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The thoughts in this article are constantly in my mind when I'm judging at a competition. Attention to achievable details is worth reviewing for everyone involved in dressage.

The use of the historical pyramid of training is a given, and the purpose of each level should be mastered before advancing.

You don't need a top horse to improve your dressage scores. Any rider and horse has the potential to get high scores in some movements of every dressage test.

When ridden correctly, any horse can produce a few 7's, maybe an 8 or 9 or even a 10 in some movements. Although the average horse may receive lower marks on Gaits, there are a lot of other important components to the tests.

Every dressage test contains many simple movements which all horses have the ability to perform accurately. These movements include halts, rein backs, turns on the haunches, and corners. If you're able to ride them well, you'll get higher scores.

Beginning with Training Level, there are 2 halts in every test. The halts are an opportunity to earn the highest marks possible, perhaps a 9 and why not a 10? Practice your halts every time you ride. Make them straight and square and pay attention to the required 3 seconds of immobility and the quality of the transitions in and out. At Second Level, the rein backs are introduced. In the rein back, learn to count accurately, and be sure that your horse is straight. To perform turns on the haunches, focus on correct bend, balance and keep the horse marching.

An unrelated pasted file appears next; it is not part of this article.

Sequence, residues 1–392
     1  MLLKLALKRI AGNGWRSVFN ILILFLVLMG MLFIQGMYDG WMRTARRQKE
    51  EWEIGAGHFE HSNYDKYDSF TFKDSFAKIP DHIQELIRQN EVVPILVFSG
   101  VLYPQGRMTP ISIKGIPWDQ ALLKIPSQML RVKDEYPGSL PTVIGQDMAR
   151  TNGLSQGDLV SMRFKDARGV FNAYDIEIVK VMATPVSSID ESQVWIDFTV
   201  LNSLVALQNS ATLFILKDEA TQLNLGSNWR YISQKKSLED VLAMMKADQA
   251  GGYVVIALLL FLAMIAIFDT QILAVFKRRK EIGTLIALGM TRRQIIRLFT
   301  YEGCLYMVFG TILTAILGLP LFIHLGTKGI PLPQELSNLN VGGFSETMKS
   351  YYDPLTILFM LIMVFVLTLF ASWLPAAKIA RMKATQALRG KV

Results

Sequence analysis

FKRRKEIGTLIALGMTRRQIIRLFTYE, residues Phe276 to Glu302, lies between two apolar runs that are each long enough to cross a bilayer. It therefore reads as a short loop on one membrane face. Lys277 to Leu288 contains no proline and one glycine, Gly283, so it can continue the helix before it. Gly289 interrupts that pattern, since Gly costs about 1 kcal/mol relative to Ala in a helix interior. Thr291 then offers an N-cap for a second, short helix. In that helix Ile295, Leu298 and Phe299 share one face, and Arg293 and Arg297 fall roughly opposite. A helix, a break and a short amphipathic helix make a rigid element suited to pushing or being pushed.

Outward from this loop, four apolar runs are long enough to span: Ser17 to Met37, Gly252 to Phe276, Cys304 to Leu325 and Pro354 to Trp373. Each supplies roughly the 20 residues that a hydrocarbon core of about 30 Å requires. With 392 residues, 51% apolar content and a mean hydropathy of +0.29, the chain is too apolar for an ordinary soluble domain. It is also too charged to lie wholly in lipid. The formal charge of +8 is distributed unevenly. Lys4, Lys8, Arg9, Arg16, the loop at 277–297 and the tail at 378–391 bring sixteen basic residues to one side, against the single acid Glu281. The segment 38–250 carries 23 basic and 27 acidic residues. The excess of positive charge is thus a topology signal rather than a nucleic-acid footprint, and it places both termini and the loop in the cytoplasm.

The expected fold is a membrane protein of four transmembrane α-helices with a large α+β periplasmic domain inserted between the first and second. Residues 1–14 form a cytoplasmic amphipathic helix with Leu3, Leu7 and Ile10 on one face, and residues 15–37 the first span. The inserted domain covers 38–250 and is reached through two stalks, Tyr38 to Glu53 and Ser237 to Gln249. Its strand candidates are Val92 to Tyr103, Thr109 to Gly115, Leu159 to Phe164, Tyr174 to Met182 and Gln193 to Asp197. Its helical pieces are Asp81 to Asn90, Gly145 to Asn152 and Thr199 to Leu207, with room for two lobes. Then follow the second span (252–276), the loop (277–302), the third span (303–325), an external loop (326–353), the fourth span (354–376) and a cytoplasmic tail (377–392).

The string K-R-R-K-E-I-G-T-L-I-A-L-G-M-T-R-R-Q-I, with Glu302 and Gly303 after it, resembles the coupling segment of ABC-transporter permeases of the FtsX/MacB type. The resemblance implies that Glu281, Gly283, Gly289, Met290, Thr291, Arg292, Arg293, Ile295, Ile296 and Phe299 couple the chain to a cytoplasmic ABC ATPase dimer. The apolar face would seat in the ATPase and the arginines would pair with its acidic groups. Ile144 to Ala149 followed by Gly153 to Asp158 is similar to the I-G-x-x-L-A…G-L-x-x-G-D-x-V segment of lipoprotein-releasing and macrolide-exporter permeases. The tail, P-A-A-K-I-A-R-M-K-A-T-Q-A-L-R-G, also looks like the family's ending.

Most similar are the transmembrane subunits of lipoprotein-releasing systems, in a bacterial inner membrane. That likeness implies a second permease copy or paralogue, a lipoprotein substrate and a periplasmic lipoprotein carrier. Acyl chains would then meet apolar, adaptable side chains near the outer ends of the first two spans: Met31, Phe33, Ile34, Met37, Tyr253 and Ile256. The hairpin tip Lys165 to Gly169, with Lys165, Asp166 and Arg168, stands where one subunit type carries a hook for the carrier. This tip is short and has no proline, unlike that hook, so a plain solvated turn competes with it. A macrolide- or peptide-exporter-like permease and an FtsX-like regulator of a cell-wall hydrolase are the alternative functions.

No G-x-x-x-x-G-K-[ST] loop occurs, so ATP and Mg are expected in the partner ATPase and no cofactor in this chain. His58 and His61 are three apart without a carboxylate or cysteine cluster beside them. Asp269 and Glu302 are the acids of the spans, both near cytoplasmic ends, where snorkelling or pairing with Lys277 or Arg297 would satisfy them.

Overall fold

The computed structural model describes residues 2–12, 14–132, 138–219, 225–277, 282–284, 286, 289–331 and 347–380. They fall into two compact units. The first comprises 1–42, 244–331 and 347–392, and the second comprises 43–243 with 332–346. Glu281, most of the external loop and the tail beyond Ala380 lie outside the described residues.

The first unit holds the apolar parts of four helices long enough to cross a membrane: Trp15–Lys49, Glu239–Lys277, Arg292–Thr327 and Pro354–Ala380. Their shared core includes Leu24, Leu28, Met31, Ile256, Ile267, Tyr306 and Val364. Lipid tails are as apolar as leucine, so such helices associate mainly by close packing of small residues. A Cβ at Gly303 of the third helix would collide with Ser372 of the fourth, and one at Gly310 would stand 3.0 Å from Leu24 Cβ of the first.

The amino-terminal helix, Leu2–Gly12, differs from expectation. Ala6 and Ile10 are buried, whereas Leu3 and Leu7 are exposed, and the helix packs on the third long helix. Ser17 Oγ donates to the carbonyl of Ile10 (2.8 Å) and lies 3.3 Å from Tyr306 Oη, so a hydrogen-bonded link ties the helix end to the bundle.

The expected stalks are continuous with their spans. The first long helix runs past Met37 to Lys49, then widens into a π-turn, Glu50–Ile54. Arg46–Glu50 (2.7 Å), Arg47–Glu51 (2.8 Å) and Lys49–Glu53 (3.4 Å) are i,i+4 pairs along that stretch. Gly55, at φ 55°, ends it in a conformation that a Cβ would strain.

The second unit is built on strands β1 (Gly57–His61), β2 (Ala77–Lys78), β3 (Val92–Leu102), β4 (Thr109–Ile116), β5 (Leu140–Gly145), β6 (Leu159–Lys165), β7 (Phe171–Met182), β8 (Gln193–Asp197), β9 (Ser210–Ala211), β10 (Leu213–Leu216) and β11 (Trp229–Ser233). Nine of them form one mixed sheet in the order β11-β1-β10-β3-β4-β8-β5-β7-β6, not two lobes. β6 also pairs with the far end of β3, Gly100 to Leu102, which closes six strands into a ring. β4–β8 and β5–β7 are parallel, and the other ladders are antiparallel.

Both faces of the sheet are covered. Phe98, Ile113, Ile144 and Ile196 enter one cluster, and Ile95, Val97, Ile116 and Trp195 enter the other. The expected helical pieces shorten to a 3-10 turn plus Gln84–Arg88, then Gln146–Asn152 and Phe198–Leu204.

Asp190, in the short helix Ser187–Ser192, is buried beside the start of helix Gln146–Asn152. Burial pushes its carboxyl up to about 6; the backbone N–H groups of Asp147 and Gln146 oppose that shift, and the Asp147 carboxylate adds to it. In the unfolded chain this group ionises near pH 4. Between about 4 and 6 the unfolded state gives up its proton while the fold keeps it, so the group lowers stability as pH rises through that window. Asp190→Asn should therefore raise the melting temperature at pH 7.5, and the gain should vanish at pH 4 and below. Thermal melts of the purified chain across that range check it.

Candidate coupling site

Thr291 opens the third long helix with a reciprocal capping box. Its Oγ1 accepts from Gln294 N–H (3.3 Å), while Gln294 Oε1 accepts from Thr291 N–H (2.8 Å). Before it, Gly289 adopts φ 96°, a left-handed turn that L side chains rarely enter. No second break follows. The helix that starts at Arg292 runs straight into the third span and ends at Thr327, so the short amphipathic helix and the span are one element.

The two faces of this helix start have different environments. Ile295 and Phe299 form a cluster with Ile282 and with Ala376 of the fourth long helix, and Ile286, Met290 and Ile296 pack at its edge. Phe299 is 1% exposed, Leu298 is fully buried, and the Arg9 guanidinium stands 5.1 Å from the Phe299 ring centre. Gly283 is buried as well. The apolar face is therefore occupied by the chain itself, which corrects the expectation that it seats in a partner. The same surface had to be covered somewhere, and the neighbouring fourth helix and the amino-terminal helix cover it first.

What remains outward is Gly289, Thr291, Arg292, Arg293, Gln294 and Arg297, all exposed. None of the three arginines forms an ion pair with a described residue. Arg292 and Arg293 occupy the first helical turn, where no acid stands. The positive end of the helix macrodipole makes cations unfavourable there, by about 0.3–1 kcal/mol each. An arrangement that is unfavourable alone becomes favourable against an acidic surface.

Ride your corners! Well ridden corners are essential because they set up the next movement. At First Level you are required to ride 10 metre circles so ride your corners as one quarter of a 10 metre circle, and use the same principle as you progress through the levels.

Circles are very important and highly visible to the judge. On a circle, no matter its size, the horse should be correctly bent on a curved line and the circle needs to be round, not square or oval. Remember, there are no straight lines in a circle.

Ride the test accurately from letter to letter.  Make sure that your geometry is correct and your transitions are clear and smooth. Learn the dimensions, distances and exactly where the letters are in the arena. Drawing a diagram of your test will help you with correct geometry. This will also help you ride each movement accurately. Each movement has a beginning and an ending. Even if you go off course, you can resume your focus with the next movement.

All horses are stiffer to one side. Marks will increase when the horse demonstrates equal suppleness in both directions.

Analyze your tests. Take a look at your three weakest areas and formulate a plan to improve them in your daily training. This will be helpful as you work to improve your scores.

Lastly, keep in mind that dressage tests are a simply measure of your training not a goal in themselves.

"The secret in riding is to do only a few things but to do them right." -Nuno Oliveira-


 

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